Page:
I can be quite obsessive at times. My latest past time is genealogy – I’ve been working on my family tree for years – but now I obsessively work on it, almost daily. My interest is both historical and philosophical: Where do I come from? How am I here? — literally and figuratively.
I think people have a basic desire to know where they came from and how they got to where they are today. The knowledge that my ancestors had great inner strength is a powerful motivator for trying to understand my place in the world. I mean if it weren’t for them, I wouldn’t be here today typing these words.
I look at genealogy as history on a personal scale. It’s truly a journey of many lifetimes and lifelines from the past to the present and onto the future. It’s about discovering your heritage, creating a story about your family and leaving the most amazing legacies for future generations. At this stage of their lives, my children really don’t give a hootenanny about our roots, an in all honesty nor did I at their ages, but, as I’ve aged and gone through life experiences I wondered more and more.
Some lines I have been able to trace them back to the 1500/1600’s -> back to England and France, who came to settle the New World. One of my ancestors was a Filles du roi – Kings Daughters. I have a relative who was an explorer and helped to chart the mighty Mississippi River. Family who founded the eastern parts of the US, while others who lived in Salem Massachusetts during the Salem Witch Trials. I had a great uncle who was KIA in the Great War. I have my great grandfather’s and my grandfather’s military records and their units war diaries, I have been able to track them through their battles in both WWI and WWII. I’ve found my grandmother’s arrival records on the Aquitania from when she arrived in Canada in 1946 as a War Bride. I’ve found so many interesting things in my family history on both sides, down all 4 lines … It makes it all that more interesting when you know you have a personal connection to these people.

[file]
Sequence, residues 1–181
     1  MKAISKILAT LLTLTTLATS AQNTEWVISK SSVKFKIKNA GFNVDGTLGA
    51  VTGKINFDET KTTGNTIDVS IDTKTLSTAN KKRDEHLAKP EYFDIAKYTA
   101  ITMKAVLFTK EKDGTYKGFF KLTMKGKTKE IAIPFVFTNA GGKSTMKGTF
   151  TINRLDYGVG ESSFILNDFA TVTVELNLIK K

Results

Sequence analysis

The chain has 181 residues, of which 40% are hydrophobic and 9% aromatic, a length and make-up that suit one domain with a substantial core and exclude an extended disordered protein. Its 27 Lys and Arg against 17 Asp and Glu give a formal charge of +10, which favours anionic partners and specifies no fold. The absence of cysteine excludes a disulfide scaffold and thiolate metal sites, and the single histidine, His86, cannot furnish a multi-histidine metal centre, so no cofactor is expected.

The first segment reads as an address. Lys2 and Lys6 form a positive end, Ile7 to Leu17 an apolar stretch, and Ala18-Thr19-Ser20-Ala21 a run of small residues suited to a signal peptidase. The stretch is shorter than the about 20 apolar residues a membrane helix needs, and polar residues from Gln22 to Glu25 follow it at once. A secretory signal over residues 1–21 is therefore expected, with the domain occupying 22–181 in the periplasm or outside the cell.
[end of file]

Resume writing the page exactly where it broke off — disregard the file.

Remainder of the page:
A few weeks ago I submitted my DNA to Ancestry.ca. Genetic genealogy, is a way for people interested in family history to go beyond what they can learn from relatives or from historical documentation. Examination of DNA variations can provide clues about where a person’s ancestors might have come from and about relationships between families. They’ve confirmed it being received – now, all I have to do is wait patiently for another 6-8 weeks (it took them about 4 weeks to acknowledge receiving it) for the results. Stay tuned!
We inherit from our ancestors gifts so often taken for granted. Each of us contains within this inheritance of soul. We are links between the ages, containing past and present expectations, sacred memories and future promise.Edward Sellner
I have so many cool things to share with you all, and today I am going to share the story of my relation to one of the founders of our great nation, i.e. Canada, for those of you reading this in another country. I can only be a certain percentage proud of this, since no European actually “discovered” North America, the indigenous peoples (Peuples autochtones) were here long before any European or otherwise made their claims. I acknowledge and honour that.
Put on your history caps folks, we are going to take a trip back to the 1600’s. You likely don’t remember much about grade school history, you may however recall a bit about some of the explorers like Jacques Cartier, Louis Frontenac or Étienne Brûlé, maybe you remember the name of the famous French explorer, Samuel de Champlain who founded Québec City? The super cool thing is that I do. Being French Canadian we learned all about this stuff in elementary school, and I’m sure if I dig hard enough through my boxes of childhood memories I have stuff on learning this – my actual school work. We learned about Les Premiers Colons, Marguerite Bourgeoys, les Amerindians, les seigneuries, les Jésuites. And yes, I most certainly remember learning about Samuel de Champlain and les premiers colons.
The first of my ancestors to come to la Nouvelle France/New France was a contemporary of Champlain’s. Olivier Le Tardif (sometimes spelled just Tardif), he was my 12th great-grandfather in the Lamothe line and I can also trace him back in the Duchesne line via his son Guillaume.